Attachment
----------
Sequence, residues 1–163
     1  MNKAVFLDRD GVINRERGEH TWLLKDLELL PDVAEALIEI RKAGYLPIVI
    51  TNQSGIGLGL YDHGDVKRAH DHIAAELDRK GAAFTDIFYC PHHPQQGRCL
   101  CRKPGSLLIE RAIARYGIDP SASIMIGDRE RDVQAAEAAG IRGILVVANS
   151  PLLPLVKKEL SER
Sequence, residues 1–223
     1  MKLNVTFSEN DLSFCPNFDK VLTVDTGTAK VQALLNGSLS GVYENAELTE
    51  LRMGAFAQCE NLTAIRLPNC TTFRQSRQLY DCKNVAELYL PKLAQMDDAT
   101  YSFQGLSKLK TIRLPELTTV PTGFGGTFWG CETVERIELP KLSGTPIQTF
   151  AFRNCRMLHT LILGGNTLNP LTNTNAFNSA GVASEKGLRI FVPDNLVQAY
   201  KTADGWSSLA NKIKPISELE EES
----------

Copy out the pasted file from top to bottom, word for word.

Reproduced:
Sequence, residues 1–163
     1  MNKAVFLDRD GVINRERGEH TWLLKDLELL PDVAEALIEI RKAGYLPIVI
    51  TNQSGIGLGL YDHGDVKRAH DHIAAELDRK GAAFTDIFYC PHHPQQGRCL
   101  CRKPGSLLIE RAIARYGIDP SASIMIGDRE RDVQAAEAAG IRGILVVANS
   151  PLLPLVKKEL SER
Sequence, residues 1–223
     1  MKLNVTFSEN DLSFCPNFDK VLTVDTGTAK VQALLNGSLS GVYENAELTE
    51  LRMGAFAQCE NLTAIRLPNC TTFRQSRQLY DCKNVAELYL PKLAQMDDAT
   101  YSFQGLSKLK TIRLPELTTV PTGFGGTFWG CETVERIELP KLSGTPIQTF
   151  AFRNCRMLHT LILGGNTLNP LTNTNAFNSA GVASEKGLRI FVPDNLVQAY
   201  KTADGWSSLA NKIKPISELE EES